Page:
This piece is a personal tribute to an extraordinary general, gentleman and my battalion commanding officer
Four days is a long time. Earlier this week, I was planning to write a piece on the victory of the fifth battalion of 11 Gorkhas in the 1971 war. A fateful Wednesday morning changed that, when a helicopter carrying India’s first Chief of Defence Staff (CDS) General Bipin Rawat and his wife Madhulika Rawat crashed in the Nilgiri Hills, ending their lives. This piece is a personal tribute to an extraordinary general, gentleman and my battalion commanding officer.
On July 4, 1994, I arrived at my battalion stationed in Uri, Kashmir. I was a newly commissioned Second Lieutenant, exuberant but wet behind my ears. Summoned to the Adjutant’s office, I walked in and saluted the well-built, strapping senior Major, sitting behind the desk. After a brief welcome over tea, he handed me a series of minor errands in the unit.
Feeling like an underemployed youngster, in a melee of busy officers and men at battalion base, I strutted off to the quarter guard, company barracks, armory et al, asking questions and trying to look important. After a while, I returned to the adjutant's office, smug in the belief that I had found the right answers to the tasks. I was wrong. The adjutant, phlegmatic and unfazed, popped a few questions that I hadn’t figured, despite the efforts. How could that happen?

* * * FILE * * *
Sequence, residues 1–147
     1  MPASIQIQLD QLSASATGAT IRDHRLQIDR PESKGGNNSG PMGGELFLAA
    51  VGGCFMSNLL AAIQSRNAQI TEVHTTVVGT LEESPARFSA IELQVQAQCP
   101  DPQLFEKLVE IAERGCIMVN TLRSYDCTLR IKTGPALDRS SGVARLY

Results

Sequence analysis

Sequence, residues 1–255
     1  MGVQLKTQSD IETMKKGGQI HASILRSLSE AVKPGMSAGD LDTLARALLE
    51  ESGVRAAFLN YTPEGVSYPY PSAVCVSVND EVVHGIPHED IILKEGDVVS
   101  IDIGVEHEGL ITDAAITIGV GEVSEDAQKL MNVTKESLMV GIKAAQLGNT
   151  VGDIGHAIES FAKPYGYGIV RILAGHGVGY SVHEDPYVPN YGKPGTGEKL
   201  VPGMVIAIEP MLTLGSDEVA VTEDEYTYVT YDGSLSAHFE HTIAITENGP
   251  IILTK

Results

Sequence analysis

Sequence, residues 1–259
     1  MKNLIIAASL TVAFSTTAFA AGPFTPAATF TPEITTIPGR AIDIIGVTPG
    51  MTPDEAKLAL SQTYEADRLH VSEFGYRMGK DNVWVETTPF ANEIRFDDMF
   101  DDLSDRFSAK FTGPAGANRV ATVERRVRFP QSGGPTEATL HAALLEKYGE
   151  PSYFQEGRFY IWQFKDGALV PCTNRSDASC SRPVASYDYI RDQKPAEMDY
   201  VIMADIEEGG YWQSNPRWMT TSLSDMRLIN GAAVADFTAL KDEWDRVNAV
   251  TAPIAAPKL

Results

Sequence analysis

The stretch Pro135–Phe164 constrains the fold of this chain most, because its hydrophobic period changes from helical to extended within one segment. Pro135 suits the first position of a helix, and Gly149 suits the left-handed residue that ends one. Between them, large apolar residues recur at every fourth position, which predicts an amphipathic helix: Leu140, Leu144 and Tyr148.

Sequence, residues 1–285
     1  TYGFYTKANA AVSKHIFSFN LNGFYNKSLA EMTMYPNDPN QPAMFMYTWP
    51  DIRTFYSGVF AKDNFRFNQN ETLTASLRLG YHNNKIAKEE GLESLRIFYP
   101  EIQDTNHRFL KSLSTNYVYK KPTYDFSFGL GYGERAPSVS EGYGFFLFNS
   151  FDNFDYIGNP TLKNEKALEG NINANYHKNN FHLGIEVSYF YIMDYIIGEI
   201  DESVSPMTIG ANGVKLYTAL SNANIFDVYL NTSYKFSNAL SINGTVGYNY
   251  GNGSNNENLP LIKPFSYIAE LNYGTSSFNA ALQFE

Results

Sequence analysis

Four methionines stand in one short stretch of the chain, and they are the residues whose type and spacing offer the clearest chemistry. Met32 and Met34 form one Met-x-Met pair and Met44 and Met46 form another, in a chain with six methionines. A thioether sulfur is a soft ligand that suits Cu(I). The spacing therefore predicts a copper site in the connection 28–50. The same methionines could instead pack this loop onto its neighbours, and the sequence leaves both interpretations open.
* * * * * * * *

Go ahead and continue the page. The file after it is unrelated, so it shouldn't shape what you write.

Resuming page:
I was promptly dispatched on another round of errands on the missing answers, with additional tasks of scouring war diaries, preparing a brief on the battalion’s area along the Line of Control, etc. The cycle continued and each time I returned with responses, he would lob a thought that invariably had eluded me. That was the Adjutant’s way of getting me to learn the unit’s functions, operations and about the troops.
What struck me then was how the adjutant, despite an awfully busy day on relentless phone calls, monitoring operations and filing reports in a vital location in Kashmir, found time to spend an hour with me, with patience to correct my innocuous blunders. The adjutant wasn’t one to waste the first day of a young Indian army officer and wanted me to hit the ground running in the unit.
That was my first meeting with Major Bipin Rawat.